Visualization of 2002 storm surge along the coast of Dhofar, case study of Oman

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One of the greatest concerns for the Omani coastal infrastructure and developmental planning is the impacts of sea level rise (SLR) flooding in association with the extreme storm events. This paper argues that if coastal infrastructure in Oman is to be resilient, it is necessary to measure the extent of storm surge inundation effects to provide a better understanding for future coastal infrastructural development and planning. A hydrodynamic model, 3Di, developed by TU-Delft, the Netherlands, is used to simulate the May 9–11, 2002 storm surge inundation of Dhofar’s coast in Oman. The model simulation is based on 60-min-interval water-level data for a 72-h, extreme storm event, coupled with 0.5, 1.0, and 1.41 m SLR for different inundation scenarios. 3Di’s results included a series of inundated areas with 1-h-interval time steps that provided spatial inundation extents and water depth at every hour of an event. The study reveals that with SLR at 1.0 m and at 1.41 m, in terms of coastal development and infrastructure, it is largely roads that are vulnerable. This study provides a database to allow planners and decision makers to make informed decisions regarding the location of future infrastructure as a path toward resiliency in future coastal developmental and infrastructural planning in Oman.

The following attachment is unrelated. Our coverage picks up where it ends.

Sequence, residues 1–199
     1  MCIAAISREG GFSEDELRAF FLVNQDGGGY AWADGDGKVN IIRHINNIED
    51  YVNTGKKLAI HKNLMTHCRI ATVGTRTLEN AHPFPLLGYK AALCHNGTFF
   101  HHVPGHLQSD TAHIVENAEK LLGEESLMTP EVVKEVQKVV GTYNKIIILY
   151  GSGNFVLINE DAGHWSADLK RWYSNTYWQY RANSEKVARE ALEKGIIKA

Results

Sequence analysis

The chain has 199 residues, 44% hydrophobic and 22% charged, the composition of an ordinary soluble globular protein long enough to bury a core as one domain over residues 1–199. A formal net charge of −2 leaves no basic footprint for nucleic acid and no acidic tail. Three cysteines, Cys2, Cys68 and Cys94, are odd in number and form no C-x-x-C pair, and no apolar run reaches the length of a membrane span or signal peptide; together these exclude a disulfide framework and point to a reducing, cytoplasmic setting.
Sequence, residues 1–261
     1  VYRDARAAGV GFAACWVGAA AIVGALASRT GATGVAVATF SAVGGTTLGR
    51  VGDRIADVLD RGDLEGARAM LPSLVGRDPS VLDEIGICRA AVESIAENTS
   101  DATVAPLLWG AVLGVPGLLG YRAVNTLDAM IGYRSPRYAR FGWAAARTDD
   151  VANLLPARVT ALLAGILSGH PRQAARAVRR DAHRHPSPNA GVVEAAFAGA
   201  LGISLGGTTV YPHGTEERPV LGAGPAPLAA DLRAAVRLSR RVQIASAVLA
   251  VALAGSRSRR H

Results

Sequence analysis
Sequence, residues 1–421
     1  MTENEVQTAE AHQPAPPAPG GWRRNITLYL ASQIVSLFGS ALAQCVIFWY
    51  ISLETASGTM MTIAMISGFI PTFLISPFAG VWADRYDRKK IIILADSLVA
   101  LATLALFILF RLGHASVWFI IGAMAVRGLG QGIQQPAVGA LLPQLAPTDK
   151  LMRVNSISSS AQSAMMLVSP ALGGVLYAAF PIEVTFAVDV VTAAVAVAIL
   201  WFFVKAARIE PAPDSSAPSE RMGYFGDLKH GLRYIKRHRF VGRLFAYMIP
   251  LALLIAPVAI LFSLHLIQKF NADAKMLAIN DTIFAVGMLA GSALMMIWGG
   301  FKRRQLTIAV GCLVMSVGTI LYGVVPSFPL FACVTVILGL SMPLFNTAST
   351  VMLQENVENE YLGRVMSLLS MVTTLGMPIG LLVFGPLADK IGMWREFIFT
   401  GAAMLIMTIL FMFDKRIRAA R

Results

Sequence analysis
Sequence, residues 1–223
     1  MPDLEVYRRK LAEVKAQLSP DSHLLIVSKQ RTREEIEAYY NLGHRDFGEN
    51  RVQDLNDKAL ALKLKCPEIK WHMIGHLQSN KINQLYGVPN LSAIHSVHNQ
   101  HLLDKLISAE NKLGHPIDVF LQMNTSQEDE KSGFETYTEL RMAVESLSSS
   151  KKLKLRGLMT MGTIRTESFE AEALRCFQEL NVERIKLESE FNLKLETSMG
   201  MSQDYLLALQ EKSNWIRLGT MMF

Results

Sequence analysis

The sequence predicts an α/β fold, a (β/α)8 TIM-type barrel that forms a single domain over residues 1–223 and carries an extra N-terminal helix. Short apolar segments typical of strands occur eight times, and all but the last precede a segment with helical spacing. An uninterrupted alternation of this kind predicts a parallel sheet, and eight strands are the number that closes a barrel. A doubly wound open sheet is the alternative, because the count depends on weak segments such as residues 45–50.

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    Virtual station is a pseudo-station that records simulated water levels and calculates the mean water level used to calibrate 3Di model.


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The data of this research were provided by National Survey Authority and Oman National Hydrographic Office. We are thankful to their help and assistance.

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Correspondence to Amna Al Ruheili.

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Al Ruheili, A., Radke, J. Visualization of 2002 storm surge along the coast of Dhofar, case study of Oman. Environ Dev Sustain 22, 501–517 (2020).

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  • SLR
  • Storm surge
  • Dhofar
  • Infrastructure vulnerability